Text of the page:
#WhoIsWho

Marcelo Alderete

They say he is one of the country's top experts on Asian cinema –and cinema in general. He is also one of the programmers if this Festival, of which he delivers a comprehensive view.

 

 

 

“After many years in this line of work –a 20th century craft, like G. Caín used to say– I can honestly say that there are two types of programmers. On one hand, those who used to watch films when they were kids because it was what they liked to do the most, and that was their whole world, and life lead them to make that a profession –despite what they studied or their previous jobs. And they are lucky, because in most cases they have no other skills in life. That would be the cinephile area. The other ones are those who got there through some sort of cultural study, and regarded cinema, and festivals in particular, as a way to belong to that world of culture and art. To put it a bit more bluntly, the first ones have an emotional connection to cinema, and the other ones a more intellectual one. Each group has its good things and bad things. And strangely enough, there are people who belong in both worlds. Obviously, I won't say which one I belong to”.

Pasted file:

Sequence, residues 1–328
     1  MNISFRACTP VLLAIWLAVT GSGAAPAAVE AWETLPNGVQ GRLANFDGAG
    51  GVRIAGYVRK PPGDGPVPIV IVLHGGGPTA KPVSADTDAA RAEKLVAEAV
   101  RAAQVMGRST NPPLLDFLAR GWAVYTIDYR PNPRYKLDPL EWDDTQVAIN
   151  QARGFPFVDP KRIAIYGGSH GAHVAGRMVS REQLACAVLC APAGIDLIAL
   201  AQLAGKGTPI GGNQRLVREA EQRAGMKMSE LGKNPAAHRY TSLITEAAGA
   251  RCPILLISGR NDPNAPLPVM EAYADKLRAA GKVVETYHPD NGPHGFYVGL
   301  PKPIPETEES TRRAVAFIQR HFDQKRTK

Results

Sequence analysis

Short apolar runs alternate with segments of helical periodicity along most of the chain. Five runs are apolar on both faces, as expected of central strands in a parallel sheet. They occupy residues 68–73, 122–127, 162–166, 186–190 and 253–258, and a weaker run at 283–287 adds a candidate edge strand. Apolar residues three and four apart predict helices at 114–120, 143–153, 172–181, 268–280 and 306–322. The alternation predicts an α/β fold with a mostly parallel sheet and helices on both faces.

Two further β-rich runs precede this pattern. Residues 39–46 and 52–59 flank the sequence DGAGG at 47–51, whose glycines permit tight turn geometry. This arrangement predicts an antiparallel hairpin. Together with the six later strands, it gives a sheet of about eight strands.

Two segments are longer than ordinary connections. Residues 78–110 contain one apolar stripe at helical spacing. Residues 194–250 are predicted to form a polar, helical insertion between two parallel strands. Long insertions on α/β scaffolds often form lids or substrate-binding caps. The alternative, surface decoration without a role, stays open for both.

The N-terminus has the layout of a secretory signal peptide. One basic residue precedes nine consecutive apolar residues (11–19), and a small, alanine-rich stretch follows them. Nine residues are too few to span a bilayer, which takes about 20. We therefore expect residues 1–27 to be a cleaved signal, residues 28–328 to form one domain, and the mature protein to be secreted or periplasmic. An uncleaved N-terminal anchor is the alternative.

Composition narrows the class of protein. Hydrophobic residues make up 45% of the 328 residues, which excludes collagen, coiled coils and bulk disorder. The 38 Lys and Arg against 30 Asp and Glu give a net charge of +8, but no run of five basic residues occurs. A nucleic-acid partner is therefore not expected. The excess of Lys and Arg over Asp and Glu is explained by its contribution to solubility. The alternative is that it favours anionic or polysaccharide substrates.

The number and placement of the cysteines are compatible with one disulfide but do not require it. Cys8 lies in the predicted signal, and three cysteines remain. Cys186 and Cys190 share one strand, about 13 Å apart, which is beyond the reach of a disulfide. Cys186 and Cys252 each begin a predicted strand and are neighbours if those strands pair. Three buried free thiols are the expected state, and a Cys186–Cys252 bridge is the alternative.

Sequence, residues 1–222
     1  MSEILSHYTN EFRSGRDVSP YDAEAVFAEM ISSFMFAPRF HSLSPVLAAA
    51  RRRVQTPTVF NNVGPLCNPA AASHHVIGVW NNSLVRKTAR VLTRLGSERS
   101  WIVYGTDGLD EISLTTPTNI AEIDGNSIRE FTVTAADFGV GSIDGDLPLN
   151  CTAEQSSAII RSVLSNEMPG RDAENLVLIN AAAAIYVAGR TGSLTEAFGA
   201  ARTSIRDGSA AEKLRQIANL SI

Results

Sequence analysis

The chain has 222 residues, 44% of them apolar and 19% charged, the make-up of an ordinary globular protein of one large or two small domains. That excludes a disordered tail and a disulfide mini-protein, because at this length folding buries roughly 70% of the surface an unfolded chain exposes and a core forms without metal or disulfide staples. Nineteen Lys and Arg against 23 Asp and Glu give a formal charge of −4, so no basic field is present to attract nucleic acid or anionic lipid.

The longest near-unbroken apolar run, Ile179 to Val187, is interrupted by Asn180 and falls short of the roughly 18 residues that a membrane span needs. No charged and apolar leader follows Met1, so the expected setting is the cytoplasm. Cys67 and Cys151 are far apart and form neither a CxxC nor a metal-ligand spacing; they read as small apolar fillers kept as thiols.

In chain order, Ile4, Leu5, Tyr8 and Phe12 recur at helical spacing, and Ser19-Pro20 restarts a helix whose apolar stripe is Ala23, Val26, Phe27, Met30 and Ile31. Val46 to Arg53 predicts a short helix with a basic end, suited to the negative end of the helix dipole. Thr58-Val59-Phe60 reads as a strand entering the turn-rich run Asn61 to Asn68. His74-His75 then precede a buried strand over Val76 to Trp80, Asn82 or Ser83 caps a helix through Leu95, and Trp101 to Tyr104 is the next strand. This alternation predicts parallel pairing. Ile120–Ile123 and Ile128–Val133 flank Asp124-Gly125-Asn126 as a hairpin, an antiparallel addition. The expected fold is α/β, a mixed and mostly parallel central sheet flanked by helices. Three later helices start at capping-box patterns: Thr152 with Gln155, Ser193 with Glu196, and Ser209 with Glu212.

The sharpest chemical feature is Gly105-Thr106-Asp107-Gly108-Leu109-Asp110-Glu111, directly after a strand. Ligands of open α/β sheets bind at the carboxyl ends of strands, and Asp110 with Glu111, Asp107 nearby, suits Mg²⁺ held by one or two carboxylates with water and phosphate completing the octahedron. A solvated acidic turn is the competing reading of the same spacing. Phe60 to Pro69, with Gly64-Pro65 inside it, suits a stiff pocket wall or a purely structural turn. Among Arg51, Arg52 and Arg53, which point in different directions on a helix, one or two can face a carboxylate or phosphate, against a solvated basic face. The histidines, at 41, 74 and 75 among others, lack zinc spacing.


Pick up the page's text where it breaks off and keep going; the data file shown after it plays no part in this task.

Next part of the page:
That is the self-presentation of Marcelo Alderete, a programmer and critic who worked in BAFICI between 1999 and 2009. He also collaborated as a guest programmer MALBA Cine, the Lugones Theater in the San Martín Theater, the MACBA (Buenos Aires Contemporary Art Museum) and ANTOFADOCS (Antofagasta International Film Festival, in Chile). He also writes for Haciendo Cine magazine and the Encerrados Afuera website. When describing his work, he "defends" a film he saw because he sees how “the people who made it use cinema as what it is: a language, and not just a tool, or a trade, to tell stories in a more or less proper way”. 

 

For this edition of the Festival, he chooses to describe the participation of Jean-Pierre Léaud as a historic element. And provides good reasons: “as an actor, he marks the beginning of the French New Wave with The 400 Blows (1959) and he is also the death certificate for that movement with The Mother and the Whore (1973). He is an actor who represents modernity in cinema. One look at his filmography is enough to realize his historical importance. There are no such characters anymore. Godard, Anna Karina and only a few others…”.

 

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